When it comes to getting a divorce, the one thing that needs to be proven in court is that the marriage in question has “irretrievably broken down”. This is done by detailing to either the county divorce court or, more rarely, the High Court, the reasons for the end of the marriage, known legally as the “facts for divorce”. There are also two other criteria which a couple need to fulfill before a court will consider divorce:
- The marriage needs to have lasted at least a year (or two in Northern Ireland)
- The marriage needs to be one that is legally recognised in the UK
If the respondent does not agree with the “facts” put before the court, they are usually entitled to contest the divorce, which will lead to both parties having to attend one or more court hearings to discuss the reasons given and thrash out their differences.
The facts for divorce
If a couple have agreed that they want a divorce, they can save themselves a lot of time and money by agreeing beforehand the “facts” that they are going to put before the court. The party initiating the divorce (known legally as the “petitioner”, as opposed to the “respondent”, who is the person being divorced) must first decide what are the “facts” which apply in this case, and which are to form the primary grounds for divorce. There are five basic categories of “facts” accepted in divorce cases – adultery, unreasonable behaviour, desertion, living apart for over two years by mutual agreement and Living apart for over five years without agreement.
Adultery forms a compelling grounds for divorce if all of the following can be proven – that the husband or wife has had sexual relations with someone of the opposite sex, that consequently the couple no longer wish to live together, that this decision was made either within six months of the adultery occurring or within six months of the other partner finding out about it.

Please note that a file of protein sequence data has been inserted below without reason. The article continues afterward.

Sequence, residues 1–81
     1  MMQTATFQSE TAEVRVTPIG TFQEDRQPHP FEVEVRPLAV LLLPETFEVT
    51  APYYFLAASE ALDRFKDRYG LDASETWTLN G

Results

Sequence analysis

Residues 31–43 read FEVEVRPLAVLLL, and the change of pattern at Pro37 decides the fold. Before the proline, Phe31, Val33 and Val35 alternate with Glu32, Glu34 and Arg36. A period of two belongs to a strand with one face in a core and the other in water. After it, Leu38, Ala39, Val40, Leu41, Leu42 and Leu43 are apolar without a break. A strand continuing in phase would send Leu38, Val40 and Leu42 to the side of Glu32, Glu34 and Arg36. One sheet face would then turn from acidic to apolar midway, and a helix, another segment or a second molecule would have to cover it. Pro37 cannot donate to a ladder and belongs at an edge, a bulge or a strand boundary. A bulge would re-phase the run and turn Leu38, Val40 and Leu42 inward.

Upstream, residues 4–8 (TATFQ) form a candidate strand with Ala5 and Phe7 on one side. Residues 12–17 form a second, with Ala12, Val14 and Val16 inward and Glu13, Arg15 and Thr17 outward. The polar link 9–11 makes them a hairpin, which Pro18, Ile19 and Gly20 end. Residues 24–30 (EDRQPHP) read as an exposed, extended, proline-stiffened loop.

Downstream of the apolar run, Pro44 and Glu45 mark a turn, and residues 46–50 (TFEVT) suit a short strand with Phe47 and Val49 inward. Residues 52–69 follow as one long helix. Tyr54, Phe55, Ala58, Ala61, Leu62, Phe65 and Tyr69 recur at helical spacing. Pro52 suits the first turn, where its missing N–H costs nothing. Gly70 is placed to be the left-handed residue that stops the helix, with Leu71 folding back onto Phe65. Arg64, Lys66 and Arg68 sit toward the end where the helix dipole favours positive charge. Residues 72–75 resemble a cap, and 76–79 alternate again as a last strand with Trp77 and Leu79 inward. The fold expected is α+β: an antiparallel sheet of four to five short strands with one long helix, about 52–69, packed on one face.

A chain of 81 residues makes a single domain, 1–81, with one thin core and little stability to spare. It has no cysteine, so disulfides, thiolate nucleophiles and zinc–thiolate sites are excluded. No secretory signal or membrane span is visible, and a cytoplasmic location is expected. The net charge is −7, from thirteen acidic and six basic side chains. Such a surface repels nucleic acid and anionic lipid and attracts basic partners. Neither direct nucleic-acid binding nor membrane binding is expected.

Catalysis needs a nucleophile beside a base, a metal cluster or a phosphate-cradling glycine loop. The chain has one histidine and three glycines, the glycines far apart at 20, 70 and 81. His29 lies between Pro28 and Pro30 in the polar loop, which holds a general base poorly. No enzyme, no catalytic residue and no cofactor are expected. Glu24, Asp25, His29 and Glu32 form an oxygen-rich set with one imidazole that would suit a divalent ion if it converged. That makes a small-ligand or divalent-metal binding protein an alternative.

To prove adultery in court, details such as the date and location of the sexual act need to be given, with supporting statements from both partners and an admission from the adulterous party. If such an admission is not forthcoming, then the petitioner will need to take further advice from their divorce lawyers.
Remember, adultery only applies in the case of consensual sex. Rape is never adultery.
This is a reason given for divorce if a husband or wife’s behaviour is consistently so bad that living together has become impossible. Forms of unreasonable behaviour include physical or verbal abuse, persistent coldness and lack of attention, the strong suspicion that your spouse is having an affair, or being forbidden to leave the family home.
Proof of unreasonable behaviour is required for the court, and if a husband or wife is unwilling to provide statements, then evidence must be sought from people such as family friends, or a couple’s GP.
If the petitioner can prove that their spouse has left them without permission, without good reason, with the aim of ending the relationship or for a period of two years or more within the past two and-a-half years then this is strong grounds for divorce. In the latter case, a couple can have lived together for up to six months during this period and still claim desertion.
Living apart for over two years by mutual agreement
If a husband or wife have lived apart for over two years and both agree to divorce, then this is good grounds for divorce. As with desertion, if the couple have lived together for up six months in total during the past two and-a-half years. Both parties must agree to these “facts” in writing, so the petitioner needs to agree on this route with their spouse beforehand.
Living apart for over five years without agreement
A husband and wife who have lived separately for over five years make strong grounds for divorce – even if the other party does not agree. The only grounds the If this has happened, you can apply for a divorce without the respondent’s agreement. In this situation, the only grounds that they can object on is if the divorce would cause “extreme difficulties”. This is usually taken to mean financial difficulties.